Verse 17

I. The eternal Sonship of Christ.

17. Worketh hitherto—By virtue of his oneness with God, Jesus is truly Lord of the Sabbath; and he no more violates the Sabbath by sending the current of vitality through the limbs of this paralytic, than the Father violates the Sabbath by keeping the stars in their courses, or sustaining the generations of men in the flow of life. God, having indeed closed the work of original creation with the creation of man, rested therefrom through a long Sabbath of time, even until now. God’s creative days were each perhaps an age; and this world’s long age may be his Sabbath. But he breaks neither that Sabbath, nor the Sabbath-day that commemorates that repose, by carrying on the ordinary train of nature or redemption. And as he has hitherto worked even through these Sabbaths, so do I work. I create nothing absolutely; but I control, hasten, or even vary, the processes of ordinary nature.

Hitherto—From the close of his creative work until now.

I work—My secret power in healing this man worked, just as God’s secret power worked in his generation and birth.


Verses 17-47

First great discourse, furnished by John, of Jesus to the hostile Jews, John 5:17-47.

The best biblical scholars consider this defence, or self-explanation, to have been delivered by Jesus before the Sanhedrim. It bears, hence, some slight resemblance to the Apologia, or defence of Socrates before the Helioea, or popular court, of Athens. The two discourses resemble at least in this, that both refuse to extenuate, but boldly magnify and glory in the matter charged. Hence Luther calls this “a sublime apology, which makes the matter worse.” We have here, doubtless, rather an outline than full report of the discourse. It consists of two parts: The first, 17-30, bases his defence for an apparent act of Sabbath-breaking upon his eternal Sonship of God. The second, 31-47, adduces the threefold witness to his Sonship.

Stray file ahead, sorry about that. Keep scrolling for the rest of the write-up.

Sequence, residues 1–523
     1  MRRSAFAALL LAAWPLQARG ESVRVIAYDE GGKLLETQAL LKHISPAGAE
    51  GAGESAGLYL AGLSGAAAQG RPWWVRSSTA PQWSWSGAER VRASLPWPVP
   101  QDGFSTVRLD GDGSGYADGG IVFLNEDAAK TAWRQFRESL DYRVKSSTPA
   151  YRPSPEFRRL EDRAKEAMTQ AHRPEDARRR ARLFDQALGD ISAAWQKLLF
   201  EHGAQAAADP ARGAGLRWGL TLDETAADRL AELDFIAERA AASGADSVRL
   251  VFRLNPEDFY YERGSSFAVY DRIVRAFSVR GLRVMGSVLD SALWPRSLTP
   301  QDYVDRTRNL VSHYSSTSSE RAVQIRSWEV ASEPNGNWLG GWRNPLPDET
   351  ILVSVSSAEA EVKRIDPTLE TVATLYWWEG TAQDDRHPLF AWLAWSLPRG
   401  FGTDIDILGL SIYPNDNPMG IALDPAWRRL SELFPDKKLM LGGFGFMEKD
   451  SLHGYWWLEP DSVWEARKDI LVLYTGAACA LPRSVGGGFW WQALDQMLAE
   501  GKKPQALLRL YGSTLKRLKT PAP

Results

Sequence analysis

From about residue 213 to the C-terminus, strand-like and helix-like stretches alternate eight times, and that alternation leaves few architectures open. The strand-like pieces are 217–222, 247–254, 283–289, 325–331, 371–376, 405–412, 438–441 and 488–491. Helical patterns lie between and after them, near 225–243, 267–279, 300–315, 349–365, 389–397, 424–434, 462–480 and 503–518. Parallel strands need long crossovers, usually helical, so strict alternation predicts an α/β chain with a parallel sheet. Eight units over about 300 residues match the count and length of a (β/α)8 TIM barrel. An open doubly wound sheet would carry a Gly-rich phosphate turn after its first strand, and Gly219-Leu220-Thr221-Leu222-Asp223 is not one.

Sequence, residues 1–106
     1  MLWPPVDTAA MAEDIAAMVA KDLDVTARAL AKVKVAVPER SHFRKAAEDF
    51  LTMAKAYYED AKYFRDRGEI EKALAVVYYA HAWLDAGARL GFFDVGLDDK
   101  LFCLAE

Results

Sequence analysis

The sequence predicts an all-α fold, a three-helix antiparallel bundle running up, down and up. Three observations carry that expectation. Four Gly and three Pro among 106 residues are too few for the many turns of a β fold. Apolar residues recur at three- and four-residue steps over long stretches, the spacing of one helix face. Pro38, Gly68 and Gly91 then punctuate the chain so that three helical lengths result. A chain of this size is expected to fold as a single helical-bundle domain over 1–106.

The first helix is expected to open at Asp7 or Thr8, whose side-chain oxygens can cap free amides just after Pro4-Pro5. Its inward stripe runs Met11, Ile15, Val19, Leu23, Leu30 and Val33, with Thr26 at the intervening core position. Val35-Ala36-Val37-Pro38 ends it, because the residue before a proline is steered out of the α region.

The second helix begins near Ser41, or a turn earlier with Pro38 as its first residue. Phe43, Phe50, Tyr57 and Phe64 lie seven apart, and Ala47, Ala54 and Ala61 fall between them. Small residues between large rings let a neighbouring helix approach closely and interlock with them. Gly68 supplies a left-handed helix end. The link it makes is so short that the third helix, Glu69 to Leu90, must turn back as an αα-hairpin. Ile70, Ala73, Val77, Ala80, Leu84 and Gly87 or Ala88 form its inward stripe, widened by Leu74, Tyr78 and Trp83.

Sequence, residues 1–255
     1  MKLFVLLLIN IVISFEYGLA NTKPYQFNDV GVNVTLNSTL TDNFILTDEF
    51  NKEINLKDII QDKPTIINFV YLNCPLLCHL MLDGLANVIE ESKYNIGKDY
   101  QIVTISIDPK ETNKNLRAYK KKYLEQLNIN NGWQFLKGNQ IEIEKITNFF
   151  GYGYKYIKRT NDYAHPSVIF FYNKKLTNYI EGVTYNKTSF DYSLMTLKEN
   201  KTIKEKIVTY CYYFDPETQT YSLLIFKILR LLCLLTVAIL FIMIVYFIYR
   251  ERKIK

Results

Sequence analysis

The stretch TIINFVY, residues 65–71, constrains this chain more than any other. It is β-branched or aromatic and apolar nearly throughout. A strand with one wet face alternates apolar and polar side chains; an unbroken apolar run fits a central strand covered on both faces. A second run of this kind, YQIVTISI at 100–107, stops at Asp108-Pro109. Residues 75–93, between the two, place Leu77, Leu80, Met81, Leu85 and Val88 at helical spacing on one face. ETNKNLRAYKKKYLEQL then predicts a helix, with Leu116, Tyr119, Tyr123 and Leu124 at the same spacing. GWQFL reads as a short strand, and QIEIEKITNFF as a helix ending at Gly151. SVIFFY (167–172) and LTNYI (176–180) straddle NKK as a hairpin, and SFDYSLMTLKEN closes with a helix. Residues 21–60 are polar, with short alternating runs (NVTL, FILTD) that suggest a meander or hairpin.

Verse 18

18. Making himself equal—Not only his claim of Sonship, but the high position he assigned to that Sonship, both caused and justified their interpretation of his words as making himself God’s equal. He placed his work as on a par with the Father’s work, and justified his Sabbath action on the same ground as justifies God. He was no more bound to withhold his healing power on the Sabbath, than God was bound to arrest the progress of vegetation, or the waves of the ocean.


Verse 19

19. The Son—See note on Luke 1:25.

Nothing of himself—Nothing from himself; that is, separately and independently of the unsearchable, unknowable Father.

Seeth the Father—Not with a bodily eye, but by the inmost view of consciousness.

Doeth the Son likewise—The doings of the Son are the doings of the unknowable Father. And the doings of that Son through his humanity are the doings of the eternal Son, and are the true expression of the eternal Father. The Father, as the original unknowable subsistence, is recognized in the God manifest, the Son; and all he is and does is in and by and through him. So that this Sabbath work of mine is endowed with all the divinity and authority of God the Father Almighty.

And so these Jews were right in holding him responsible for “making himself equal with God.”